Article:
Cafeteria Chaos

Students in 7th period lunch have to contend with the crowd

The+7th+period+lunch+is+now+up+to+525+students%2C+by+far+the+busiest+lunch+period+of+the+three.
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Cafeteria Chaos

The 7th period lunch is now up to 525 students, by far the busiest lunch period of the three.

The 7th period lunch is now up to 525 students, by far the busiest lunch period of the three.

photo by Abby Pingpank

The 7th period lunch is now up to 525 students, by far the busiest lunch period of the three.

photo by Abby Pingpank

photo by Abby Pingpank

The 7th period lunch is now up to 525 students, by far the busiest lunch period of the three.

Abby Pingpank, Staff Writer

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Admit it — the first thing you thought about when you received your schedule late last summer was whether any of your friends would be in your lunch period. But what you probably didn’t expect was getting to lunch that first day and realizing it was harder to find a seat than a friend.

Yet, for the many hundreds of students scheduled for a 7th period lunch, this was, and continues to be, the the lunchtime predicament.

“One day I even noticed some kids standing around a table since there were not enough chairs,” said junior Ali Morrison, who eats lunch 7th.

The scene in the 5th period lunchroom.
photo by Abby Pingpank

NASH Principal Dr. Kreider is well aware that the 7th period lunch is more crowded than the other two lunch periods.  Yet the scheduling process makes it difficult to balance the periods.

“Once students select their courses back in March, my next step is to design a master schedule that is purely designed based on student needs,” Kreider said.  “Lunch numbers this year in July were between 400-450 in each lunch period, but once students get their schedules, it has been 4-5 months since they have picked their classes, and they have legitimate concerns about how their selections align with their career goals.”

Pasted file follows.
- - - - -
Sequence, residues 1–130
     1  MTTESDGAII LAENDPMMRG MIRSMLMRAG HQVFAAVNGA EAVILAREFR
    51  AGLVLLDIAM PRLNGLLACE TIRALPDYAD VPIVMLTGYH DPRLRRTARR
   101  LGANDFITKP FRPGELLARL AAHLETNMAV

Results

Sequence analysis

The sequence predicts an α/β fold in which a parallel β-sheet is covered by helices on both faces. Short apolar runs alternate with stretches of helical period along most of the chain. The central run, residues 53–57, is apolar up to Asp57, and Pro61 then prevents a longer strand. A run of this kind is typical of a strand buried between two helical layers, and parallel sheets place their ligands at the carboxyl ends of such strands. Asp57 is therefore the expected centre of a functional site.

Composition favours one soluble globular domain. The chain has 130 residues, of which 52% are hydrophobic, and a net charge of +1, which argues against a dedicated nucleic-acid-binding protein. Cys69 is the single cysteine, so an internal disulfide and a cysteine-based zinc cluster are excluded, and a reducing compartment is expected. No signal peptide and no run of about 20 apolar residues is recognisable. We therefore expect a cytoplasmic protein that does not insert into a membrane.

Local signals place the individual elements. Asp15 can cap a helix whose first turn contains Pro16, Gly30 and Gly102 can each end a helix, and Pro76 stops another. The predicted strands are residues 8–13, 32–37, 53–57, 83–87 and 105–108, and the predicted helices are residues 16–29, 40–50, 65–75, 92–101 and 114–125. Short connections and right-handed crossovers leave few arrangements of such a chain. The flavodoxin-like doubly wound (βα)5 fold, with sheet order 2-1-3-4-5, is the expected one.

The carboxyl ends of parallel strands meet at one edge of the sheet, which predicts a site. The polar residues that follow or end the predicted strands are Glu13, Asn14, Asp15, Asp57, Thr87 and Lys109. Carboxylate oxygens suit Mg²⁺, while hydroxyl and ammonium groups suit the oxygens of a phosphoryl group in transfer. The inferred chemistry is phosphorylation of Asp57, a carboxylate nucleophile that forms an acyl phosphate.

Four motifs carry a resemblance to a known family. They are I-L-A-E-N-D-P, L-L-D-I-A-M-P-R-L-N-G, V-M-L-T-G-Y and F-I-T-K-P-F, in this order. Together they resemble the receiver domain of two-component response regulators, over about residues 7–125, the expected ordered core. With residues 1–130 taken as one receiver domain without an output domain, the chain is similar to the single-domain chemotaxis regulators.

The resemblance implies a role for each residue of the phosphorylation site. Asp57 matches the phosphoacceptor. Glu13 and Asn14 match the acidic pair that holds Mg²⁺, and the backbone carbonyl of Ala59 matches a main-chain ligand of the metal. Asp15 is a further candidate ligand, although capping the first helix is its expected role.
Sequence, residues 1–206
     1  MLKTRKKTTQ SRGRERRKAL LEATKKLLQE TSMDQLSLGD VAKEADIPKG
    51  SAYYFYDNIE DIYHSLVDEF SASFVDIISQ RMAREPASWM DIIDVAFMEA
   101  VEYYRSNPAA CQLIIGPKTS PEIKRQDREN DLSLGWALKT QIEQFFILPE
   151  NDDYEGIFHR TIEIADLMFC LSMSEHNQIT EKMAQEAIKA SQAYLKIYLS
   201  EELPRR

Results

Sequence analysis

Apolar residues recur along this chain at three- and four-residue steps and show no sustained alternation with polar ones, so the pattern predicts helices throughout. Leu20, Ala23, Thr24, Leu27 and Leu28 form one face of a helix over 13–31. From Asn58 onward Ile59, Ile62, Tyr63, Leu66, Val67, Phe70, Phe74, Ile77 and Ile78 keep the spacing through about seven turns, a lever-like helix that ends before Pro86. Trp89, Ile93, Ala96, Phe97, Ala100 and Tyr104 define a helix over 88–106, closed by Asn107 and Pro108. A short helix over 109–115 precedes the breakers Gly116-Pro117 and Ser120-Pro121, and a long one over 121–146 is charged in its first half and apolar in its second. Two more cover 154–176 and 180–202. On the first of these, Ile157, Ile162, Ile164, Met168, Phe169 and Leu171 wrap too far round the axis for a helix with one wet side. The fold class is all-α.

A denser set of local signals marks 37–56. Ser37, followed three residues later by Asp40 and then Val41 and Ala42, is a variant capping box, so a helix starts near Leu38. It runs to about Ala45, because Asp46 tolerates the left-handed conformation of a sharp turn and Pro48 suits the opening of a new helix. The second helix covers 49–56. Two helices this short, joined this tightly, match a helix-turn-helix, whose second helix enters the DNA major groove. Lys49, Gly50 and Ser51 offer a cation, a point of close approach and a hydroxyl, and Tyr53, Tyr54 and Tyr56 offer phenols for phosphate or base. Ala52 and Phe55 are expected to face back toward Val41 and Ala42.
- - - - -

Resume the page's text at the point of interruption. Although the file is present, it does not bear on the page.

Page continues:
As many NASH students have experienced, when there is not enough room in a class that they want to take, the easiest way to fix the issue is to have their counselor move their lunch so that they can remain in the desired course.  The counselors do so by first gaining the approval of the Main Office.

“When we go to make changes, that is where I am a little bit more flexible with class sizes,” Kreider said. “We generally put a seat cap in the cafeteria at 500, but if it helps with getting a student a course that they want, need, or will find beneficial to their future, I will go over the cap.”

But the scene in the cafeteria during 7th period is especially jammed with students this year.

“When I finally sit down to eat after coming from a class on the third floor, lunch is pretty much over,” junior Raina Dodson said. “It is hard to even sit with your friends because you can never find space for everyone.”

Katrina Evancho, also a junior, is experiencing the same problem.  “In a lunch period this crowded, it can take more than ten minutes to buy food because of how long the lines are, leaving a measly twenty minutes to eat, socialize, and get our backpacks for our next classes,” she said.

Open seats during 9th period lunch.
photo by D. Crickets

Kreider acknowledged that the 7th period lunchroom has swelled with students. 

“Period 7 probably went from 440 to 525, so we did pick up between anywhere from 60-85 seats in the cafeteria and more than the other two periods,” he said. “We can adjust it and place more tables in there and get the seating capacity higher, but the payoff and the pro is that kids get classes that they wanted.” 

Kreider added that lunch scheduling ultimately comes down to educational priorities.

“I value student choice over cafeteria size, and it is still safe,” he said.